Cola firms slam EU norms
Pepsi and Coke have joined hands to warn against "blind" adoption of European Union norms which can have "serious implications on Indian economy".
US majors PepsiCo and Coca-Cola on Friday joined hands to caution against "blind" adoption of European norms as these could have serious implications on Indian economy, while asserting compliance with EU standards for their brand products sold in the country.
"There are no standards for pesticides in soft drinks anywhere in the US or European Union. EU norms only specify that the water used in soft drinks should be potable...we are meeting EU norms on source water in India with total pesticide levels well below the permissible 0.5ppb," PepsiCo India chairman Rajeev Bakshi said.
He said blindly adopting EU standards is an ill-conceived strategy, fraught with risk both in qualitative and quantitative terms for a developing country like India which would make 90 per cent of its groundnut crop inedible, liquid milk undrinkable and processed milk products unusable.
Taking the Centre for Science and Environment (CSE) to task, Bakshi said "we have sufficient doubts that CSE's report is erroneous. It has used suspect testing methods...It has created panic".
A Coca-Cola spokesperson said, "our products are of unimpeachable quality not only in India but across the world. If the government decides to bring in any new norms, we will comply with those too".
Bakshi said the lab used by CSE was neither accredited nor recognised, and could not have helped with cross references of results arrived at in a particular lab.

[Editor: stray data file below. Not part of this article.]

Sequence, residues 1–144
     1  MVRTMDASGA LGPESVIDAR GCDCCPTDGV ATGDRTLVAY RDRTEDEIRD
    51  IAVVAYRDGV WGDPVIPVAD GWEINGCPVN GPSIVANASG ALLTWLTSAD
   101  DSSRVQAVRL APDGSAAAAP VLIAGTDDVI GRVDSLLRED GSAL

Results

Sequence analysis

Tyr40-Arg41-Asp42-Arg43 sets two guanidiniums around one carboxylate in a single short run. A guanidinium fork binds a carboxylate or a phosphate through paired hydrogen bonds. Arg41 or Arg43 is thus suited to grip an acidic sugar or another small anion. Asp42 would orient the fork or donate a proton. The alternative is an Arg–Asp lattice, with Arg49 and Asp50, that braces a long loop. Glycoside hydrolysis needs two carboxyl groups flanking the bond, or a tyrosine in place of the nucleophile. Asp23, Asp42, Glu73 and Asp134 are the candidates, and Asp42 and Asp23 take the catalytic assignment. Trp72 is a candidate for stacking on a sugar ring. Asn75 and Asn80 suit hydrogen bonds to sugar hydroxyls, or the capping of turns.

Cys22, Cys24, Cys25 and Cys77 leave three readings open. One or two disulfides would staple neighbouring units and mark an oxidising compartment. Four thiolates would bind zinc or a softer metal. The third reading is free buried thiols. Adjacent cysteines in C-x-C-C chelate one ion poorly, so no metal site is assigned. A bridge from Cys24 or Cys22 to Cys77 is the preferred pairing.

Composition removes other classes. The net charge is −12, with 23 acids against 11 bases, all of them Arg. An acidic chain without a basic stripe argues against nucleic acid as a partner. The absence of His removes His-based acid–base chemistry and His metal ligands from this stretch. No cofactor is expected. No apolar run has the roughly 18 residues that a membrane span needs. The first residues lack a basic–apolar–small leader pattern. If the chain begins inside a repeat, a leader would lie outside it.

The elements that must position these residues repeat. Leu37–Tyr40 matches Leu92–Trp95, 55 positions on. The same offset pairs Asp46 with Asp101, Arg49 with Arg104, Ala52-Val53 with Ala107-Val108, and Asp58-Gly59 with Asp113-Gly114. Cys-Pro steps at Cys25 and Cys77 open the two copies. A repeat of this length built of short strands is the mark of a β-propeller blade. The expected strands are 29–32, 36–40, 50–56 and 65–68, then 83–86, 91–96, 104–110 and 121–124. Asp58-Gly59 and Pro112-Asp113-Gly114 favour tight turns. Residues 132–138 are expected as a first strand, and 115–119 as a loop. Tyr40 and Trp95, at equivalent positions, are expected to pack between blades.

Expressing confidence that PepsiCo's position will be vindicated, Bakshi said motivated and malicious CSE report will be duly discredited.
Protecting the health and safety of consumers in India is a fundamental role of the government and can be responsibly discharged, without CSE intervention, he said.
PepsiCo on its part will work towards rebuilding consumer trust and confidence.
Bakshi said the recommended carrier gas under the USEPA 8141A method which the CSE claims to have followed in its tests is helium at six ml per minute but the NGO actually used nitrogen at 1.3 ml a minute.
Under the USEPA method, makeup gas recommended is helium at 20 ml per minute, while CSE used nitrogen at 25 ml/minute. The injector temperature recommended is 250 degree centigrade and detector temperature is 300 degree centigrade while the corresponding figures in CSE lab tests are 270 and 300 degree centigrade.
There are similar serious deviations on temperature programme, film thickness and column used, he said.
Pepsi on its part had got the water it uses to make soft drinks, tested at Vimta Laboratories, Hyderabad, which is accredited, recognised and open to public scrutiny. The results have been cross-referred with TNO Labs, in the Netherlands, he added.
Pepsi protocols focus on process control, testing raw water, treated water and finally the end product quality too.